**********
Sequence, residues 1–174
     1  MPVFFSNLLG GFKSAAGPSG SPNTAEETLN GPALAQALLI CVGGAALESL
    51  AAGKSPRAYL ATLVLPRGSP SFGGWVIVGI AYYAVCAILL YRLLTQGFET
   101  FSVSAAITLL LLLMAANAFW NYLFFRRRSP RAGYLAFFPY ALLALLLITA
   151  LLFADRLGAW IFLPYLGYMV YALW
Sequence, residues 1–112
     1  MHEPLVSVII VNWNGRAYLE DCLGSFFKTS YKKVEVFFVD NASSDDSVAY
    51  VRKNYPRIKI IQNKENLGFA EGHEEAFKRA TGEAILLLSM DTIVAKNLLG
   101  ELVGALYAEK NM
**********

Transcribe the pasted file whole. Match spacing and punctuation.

Sequence, residues 1–174
     1  MPVFFSNLLG GFKSAAGPSG SPNTAEETLN GPALAQALLI CVGGAALESL
    51  AAGKSPRAYL ATLVLPRGSP SFGGWVIVGI AYYAVCAILL YRLLTQGFET
   101  FSVSAAITLL LLLMAANAFW NYLFFRRRSP RAGYLAFFPY ALLALLLITA
   151  LLFADRLGAW IFLPYLGYMV YALW
Sequence, residues 1–112
     1  MHEPLVSVII VNWNGRAYLE DCLGSFFKTS YKKVEVFFVD NASSDDSVAY
    51  VRKNYPRIKI IQNKENLGFA EGHEEAFKRA TGEAILLLSM DTIVAKNLLG
   101  ELVGALYAEK NM